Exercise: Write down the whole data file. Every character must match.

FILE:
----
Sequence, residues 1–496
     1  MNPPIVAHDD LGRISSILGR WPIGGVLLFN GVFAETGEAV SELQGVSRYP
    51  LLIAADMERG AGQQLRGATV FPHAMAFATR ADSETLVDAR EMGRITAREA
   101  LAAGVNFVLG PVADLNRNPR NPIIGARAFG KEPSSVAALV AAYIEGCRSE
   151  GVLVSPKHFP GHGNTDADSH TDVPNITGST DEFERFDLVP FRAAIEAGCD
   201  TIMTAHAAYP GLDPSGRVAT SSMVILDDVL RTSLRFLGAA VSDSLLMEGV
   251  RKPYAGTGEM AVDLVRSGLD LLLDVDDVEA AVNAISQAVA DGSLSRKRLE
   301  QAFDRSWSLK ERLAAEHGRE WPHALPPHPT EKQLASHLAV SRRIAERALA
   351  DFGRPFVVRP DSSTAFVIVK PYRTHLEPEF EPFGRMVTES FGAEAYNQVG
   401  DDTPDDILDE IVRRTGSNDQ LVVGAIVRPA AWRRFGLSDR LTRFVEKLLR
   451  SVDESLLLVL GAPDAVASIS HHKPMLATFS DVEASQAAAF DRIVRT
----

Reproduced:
Sequence, residues 1–496
     1  MNPPIVAHDD LGRISSILGR WPIGGVLLFN GVFAETGEAV SELQGVSRYP
    51  LLIAADMERG AGQQLRGATV FPHAMAFATR ADSETLVDAR EMGRITAREA
   101  LAAGVNFVLG PVADLNRNPR NPIIGARAFG KEPSSVAALV AAYIEGCRSE
   151  GVLVSPKHFP GHGNTDADSH TDVPNITGST DEFERFDLVP FRAAIEAGCD
   201  TIMTAHAAYP GLDPSGRVAT SSMVILDDVL RTSLRFLGAA VSDSLLMEGV
   251  RKPYAGTGEM AVDLVRSGLD LLLDVDDVEA AVNAISQAVA DGSLSRKRLE
   301  QAFDRSWSLK ERLAAEHGRE WPHALPPHPT EKQLASHLAV SRRIAERALA
   351  DFGRPFVVRP DSSTAFVIVK PYRTHLEPEF EPFGRMVTES FGAEAYNQVG
   401  DDTPDDILDE IVRRTGSNDQ LVVGAIVRPA AWRRFGLSDR LTRFVEKLLR
   451  SVDESLLLVL GAPDAVASIS HHKPMLATFS DVEASQAAAF DRIVRT